Optimization of Plate Frame Evaporator for a Standard Vapor Compression Cycle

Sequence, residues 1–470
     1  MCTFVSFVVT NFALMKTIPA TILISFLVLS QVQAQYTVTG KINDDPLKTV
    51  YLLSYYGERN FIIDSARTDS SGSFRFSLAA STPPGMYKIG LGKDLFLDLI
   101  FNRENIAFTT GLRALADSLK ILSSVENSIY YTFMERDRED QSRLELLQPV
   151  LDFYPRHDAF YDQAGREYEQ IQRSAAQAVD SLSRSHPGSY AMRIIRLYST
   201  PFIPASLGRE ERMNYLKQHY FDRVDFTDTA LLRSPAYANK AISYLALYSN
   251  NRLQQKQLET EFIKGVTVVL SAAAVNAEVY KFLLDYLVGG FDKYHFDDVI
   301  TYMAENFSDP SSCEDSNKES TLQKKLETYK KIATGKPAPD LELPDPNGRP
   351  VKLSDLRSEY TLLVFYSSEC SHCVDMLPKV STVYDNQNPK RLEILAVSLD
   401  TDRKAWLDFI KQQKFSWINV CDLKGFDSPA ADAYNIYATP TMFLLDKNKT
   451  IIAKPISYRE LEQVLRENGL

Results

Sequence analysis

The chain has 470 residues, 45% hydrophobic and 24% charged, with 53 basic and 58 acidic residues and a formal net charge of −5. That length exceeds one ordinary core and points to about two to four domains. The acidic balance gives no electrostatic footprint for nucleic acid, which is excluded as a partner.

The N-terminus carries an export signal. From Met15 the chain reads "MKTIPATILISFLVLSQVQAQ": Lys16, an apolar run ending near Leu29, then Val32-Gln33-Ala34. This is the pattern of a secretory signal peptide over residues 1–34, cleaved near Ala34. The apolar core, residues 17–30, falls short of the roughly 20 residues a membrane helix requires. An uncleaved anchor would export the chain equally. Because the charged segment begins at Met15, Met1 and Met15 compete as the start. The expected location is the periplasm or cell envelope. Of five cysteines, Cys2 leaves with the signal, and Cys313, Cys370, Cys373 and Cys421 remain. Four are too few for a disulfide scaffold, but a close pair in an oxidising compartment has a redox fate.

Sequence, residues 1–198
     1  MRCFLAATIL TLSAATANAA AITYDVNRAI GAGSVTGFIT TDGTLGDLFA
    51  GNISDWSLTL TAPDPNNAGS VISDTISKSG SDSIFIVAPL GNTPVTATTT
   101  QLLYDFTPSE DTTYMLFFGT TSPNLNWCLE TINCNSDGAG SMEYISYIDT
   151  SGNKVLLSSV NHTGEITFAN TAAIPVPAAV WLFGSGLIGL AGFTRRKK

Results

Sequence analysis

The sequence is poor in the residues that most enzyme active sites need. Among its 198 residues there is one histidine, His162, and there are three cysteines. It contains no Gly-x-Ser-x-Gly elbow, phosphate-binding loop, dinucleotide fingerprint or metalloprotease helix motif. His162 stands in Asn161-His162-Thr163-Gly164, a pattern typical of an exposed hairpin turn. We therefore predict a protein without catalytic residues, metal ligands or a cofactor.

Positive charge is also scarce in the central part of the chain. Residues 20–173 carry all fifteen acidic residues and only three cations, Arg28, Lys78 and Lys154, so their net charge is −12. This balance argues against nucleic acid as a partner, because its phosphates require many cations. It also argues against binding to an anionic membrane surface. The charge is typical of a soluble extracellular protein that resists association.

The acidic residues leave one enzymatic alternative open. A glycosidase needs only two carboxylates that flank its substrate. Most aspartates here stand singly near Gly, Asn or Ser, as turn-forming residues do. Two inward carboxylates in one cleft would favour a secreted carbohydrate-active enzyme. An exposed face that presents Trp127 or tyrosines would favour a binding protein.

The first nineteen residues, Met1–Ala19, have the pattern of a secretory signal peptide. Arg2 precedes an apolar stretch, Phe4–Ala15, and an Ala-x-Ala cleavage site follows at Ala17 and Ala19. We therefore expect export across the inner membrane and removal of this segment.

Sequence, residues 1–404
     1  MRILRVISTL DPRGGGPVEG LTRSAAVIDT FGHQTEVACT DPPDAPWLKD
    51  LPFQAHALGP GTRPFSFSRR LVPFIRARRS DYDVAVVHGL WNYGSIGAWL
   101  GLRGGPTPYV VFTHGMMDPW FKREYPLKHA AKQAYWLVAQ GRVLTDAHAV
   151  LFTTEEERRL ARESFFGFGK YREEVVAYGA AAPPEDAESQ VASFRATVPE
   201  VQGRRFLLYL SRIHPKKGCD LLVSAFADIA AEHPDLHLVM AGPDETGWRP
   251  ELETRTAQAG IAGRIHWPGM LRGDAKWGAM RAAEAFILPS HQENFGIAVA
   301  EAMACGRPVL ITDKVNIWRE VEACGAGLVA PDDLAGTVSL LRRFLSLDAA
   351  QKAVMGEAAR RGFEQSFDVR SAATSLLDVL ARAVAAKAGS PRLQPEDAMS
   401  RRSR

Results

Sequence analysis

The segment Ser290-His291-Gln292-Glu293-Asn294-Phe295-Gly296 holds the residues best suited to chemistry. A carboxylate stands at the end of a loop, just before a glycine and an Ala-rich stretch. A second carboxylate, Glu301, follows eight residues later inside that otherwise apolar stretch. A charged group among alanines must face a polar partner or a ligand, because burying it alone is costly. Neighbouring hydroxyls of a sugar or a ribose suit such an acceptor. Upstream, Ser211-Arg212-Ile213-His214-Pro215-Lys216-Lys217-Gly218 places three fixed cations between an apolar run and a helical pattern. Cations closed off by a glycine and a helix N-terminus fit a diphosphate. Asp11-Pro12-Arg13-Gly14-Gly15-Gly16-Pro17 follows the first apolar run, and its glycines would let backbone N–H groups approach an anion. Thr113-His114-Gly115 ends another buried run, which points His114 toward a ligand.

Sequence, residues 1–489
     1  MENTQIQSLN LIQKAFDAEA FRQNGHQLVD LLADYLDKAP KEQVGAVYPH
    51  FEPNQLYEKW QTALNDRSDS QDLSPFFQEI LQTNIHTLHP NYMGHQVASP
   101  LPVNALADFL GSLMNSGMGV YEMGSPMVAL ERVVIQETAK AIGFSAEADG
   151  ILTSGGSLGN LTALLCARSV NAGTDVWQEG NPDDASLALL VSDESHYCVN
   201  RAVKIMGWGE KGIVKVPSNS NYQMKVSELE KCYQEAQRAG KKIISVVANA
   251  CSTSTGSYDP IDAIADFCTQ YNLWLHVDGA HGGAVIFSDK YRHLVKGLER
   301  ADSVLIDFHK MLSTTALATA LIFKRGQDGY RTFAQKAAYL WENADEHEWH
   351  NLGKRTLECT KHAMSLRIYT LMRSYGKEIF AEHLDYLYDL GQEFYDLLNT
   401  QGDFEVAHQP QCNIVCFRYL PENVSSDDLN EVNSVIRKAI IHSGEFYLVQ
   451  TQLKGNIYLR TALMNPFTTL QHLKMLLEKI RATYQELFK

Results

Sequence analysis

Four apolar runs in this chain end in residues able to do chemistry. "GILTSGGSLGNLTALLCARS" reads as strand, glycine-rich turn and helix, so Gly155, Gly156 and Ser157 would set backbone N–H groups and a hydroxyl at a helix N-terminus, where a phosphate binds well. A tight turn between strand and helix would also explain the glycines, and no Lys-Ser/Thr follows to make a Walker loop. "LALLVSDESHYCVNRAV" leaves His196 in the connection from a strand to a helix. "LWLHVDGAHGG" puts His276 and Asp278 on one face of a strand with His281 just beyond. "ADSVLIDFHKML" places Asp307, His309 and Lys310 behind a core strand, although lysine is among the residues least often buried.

Vapor compression chillers are the primary cooling technology for large building applications. Chillers have a large up front capital cost, with the heat exchangers accounting for the majority of the cost. Heat exchanger cost is a function of size, and, therefore, a reduction in heat exchanger size can be correlated to a reduction in chiller capital cost. This investigation focuses on the optimization of the evaporator in a vapor compression chiller. To reduce the size and cost of the system, this study utilizes plate and frame heat exchangers in the chiller design, rather than traditional shell and tube. A heat exchanger model was integrated into a simple vapor compression cycle model to determine the relationship between core volume and refrigerant side pressure drop, in an effort to determine the minimum required volume for the evaporator. The model was run in both parallel and counter flow configurations. The heat exchanger model used in this investigation was developed and validated in a previous study for a liquid-coupled evaporator in an experimental vapor compression system. This model accounted for variable fluid properties, and complex geometries within the evaporator core. The minimum volume was achieved by varying the ratio between core length and number of channels, for a fixed evaporator heat duty and outlet condition. This allowed for the inlet condition to float, and be defined by the pressure drop through the core. It was found that there was an optimum relationship between evaporator pressure drop and core volume, and that the parallel flow arrangement resulted in a smaller volume than the counter flow arrangement.